Typically fraudsters will use the similar digital channels as consumers do when making online purchases, logging into a bank account or applying for a new credit card in order to fool risk management software and risk analysts. However, that’s not always the case, which can make it somewhat easier for the people and companies charged with mitigating fraud to spot it.

Based on data from LexisNexis Risk Solutions’ Digital Identity Network, about 75% of the e-commerce transactions conducted in the EMEA region (Europe, Middle East and Africa) for the first half of 2020 were done using a mobile device such as a smartphone. However, in examining the fraud attacks during that same period of time, it was noted that only 51% had been committed using the mobile channel. This disparity has created a potential avenue for companies to identify digital fraud more quickly if it originated from a desktop or laptop.

By contrast in the other regions of the world, fraudsters more closely mirrored the channel mix of real transactions whether it was heavy in mobile, such as Latin America, or closer to a 60/40 desktop/mobile mix such as in North America.

“As consumers are doing more on their mobile devices, so are fraudsters doing more on mobile devices,” added Moody.
The U.S. Federal Trade Commission has reported that the number of fraud reports filed by consumers and businesses is down in the second quarter of 2020 by over 23% from the same quarter in 2019. The FTC logged 387,561 fraud report cases with a total loss of $416.3 million for the April-through-June 2020 time period. The median dollar loss was $200. About half of all fraud reports for the quarter were sourced from the four largest states by population — California, Texas, Florida and New York.

In comparison, for the April-through-June 2019 time period, there were a total of 497,111 fraud case reports filed. While the number of cases did come down in 2020, the dollar losses fell by only about 5%, to $416.3 million. The median dollar loss was $350.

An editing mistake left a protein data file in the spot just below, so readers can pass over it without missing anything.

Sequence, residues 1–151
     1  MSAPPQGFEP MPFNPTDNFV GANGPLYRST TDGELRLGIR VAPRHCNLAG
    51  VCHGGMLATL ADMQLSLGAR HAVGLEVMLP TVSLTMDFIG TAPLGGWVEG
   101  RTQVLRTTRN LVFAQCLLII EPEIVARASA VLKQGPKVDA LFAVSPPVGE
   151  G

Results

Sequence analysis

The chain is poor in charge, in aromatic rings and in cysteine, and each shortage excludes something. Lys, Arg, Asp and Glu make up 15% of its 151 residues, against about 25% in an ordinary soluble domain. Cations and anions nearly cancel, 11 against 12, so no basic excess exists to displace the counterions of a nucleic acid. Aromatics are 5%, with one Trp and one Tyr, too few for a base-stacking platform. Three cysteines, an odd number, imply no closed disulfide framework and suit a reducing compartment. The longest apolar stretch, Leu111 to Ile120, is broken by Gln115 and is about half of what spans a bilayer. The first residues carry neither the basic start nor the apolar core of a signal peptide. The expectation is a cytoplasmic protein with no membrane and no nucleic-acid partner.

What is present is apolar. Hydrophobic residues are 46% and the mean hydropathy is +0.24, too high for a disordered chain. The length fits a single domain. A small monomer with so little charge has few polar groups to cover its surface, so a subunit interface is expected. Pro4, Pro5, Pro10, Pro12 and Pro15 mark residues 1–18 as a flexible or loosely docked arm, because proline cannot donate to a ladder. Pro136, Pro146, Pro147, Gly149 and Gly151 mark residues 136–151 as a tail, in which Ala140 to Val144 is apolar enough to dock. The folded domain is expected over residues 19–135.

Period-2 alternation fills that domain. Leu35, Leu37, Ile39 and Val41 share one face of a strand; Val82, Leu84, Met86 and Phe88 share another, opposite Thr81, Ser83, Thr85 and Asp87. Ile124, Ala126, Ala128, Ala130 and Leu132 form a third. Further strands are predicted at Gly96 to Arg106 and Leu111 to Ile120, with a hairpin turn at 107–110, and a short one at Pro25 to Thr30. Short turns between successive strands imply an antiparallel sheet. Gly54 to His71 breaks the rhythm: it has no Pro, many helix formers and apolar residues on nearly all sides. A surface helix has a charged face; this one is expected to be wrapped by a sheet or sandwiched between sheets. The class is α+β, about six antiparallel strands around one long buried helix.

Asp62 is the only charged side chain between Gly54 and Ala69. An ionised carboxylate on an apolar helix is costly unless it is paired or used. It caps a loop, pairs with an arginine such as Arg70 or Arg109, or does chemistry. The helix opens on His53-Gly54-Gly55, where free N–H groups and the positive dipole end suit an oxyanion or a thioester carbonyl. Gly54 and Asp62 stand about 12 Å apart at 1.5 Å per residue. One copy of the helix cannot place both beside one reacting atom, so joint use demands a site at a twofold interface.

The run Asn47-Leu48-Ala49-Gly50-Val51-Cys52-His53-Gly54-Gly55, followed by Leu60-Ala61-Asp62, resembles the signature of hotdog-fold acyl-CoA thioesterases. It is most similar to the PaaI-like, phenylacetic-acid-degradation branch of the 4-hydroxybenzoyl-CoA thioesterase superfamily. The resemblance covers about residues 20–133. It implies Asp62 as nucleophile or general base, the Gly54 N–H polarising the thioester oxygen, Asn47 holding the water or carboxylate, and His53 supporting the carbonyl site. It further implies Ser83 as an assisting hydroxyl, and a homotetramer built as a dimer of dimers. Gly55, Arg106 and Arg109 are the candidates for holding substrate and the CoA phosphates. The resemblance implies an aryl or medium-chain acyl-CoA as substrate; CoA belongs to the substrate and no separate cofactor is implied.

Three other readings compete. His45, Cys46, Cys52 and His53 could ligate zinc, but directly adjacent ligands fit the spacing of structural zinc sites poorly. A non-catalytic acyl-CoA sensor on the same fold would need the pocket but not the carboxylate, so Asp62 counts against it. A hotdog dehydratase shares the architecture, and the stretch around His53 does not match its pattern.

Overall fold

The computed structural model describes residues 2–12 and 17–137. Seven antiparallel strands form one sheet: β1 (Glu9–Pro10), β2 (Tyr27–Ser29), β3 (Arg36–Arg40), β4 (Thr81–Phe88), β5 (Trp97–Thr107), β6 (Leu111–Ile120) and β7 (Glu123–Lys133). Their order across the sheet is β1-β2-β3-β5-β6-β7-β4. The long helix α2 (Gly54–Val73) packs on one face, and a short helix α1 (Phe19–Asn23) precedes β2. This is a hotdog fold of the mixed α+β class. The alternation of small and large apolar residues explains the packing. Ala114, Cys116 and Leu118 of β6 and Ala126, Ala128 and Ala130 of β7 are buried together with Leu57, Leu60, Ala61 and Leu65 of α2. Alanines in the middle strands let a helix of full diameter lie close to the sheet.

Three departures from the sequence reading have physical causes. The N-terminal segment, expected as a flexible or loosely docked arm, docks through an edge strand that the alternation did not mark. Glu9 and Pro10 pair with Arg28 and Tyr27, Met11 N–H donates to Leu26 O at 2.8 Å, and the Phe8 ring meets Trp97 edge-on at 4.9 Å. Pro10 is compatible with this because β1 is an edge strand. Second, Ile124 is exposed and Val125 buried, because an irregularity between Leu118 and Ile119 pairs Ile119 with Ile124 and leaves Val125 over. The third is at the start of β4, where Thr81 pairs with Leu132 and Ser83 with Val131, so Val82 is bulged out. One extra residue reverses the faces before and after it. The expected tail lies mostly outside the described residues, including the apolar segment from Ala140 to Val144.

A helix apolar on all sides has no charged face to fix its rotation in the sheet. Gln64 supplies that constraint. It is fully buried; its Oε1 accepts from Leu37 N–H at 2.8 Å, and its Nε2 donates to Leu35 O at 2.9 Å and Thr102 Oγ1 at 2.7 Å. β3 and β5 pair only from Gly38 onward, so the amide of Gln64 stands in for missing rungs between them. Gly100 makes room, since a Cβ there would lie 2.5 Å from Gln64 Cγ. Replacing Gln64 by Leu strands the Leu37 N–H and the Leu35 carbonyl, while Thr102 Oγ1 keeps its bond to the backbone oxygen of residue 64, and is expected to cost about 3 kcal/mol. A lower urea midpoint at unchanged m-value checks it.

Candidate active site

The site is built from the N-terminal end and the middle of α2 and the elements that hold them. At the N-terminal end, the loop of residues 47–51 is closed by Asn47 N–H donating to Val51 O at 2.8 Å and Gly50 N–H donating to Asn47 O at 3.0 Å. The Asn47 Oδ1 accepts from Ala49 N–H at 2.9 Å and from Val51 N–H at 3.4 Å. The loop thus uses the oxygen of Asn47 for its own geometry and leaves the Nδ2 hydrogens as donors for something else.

In other words, while there may have been fewer fraud cases reported by Americans during the second quarter of 2020 compared to a year earlier, fraud losses were almost as high.
According to the FTC, the number of identity theft-related cases rose significantly in the second quarter of 2020 on a year-over year basis. There were 349,641 identity theft fraud cases during the April-through-June quarter of 2020, up by more than double’s last year’s second quarter tally of 165,072 ID theft cases.

Overall, the leading fraud type committed with ID theft was credit card fraud. However, since ID thefts are often committed by criminal gangs that operate in a particular geographic territory, the resulting fraud can be very localized. For example, the Seattle-Tacoma-Bellevue, Washington metropolitan region experienced a rash of ID thefts in the second quarter, amounting to 27,973 reports. Of this number, 22,534 were related to government documents and benefits fraud or about 80% of the cases. In fact, the Seattle area accounted for almost one third (29%) of the nation’s ID theft benefits fraud cases in the quarter.

In contrast, ID theft-related credit card fraud barely made the top five most common theft types for the Seattle metro area. For both the New York City-Jersey City, New Jersey region and the Los Angeles-Anaheim-Long Beach, California region, credit card fraud was the top ID theft-related fraud type reported in the quarter.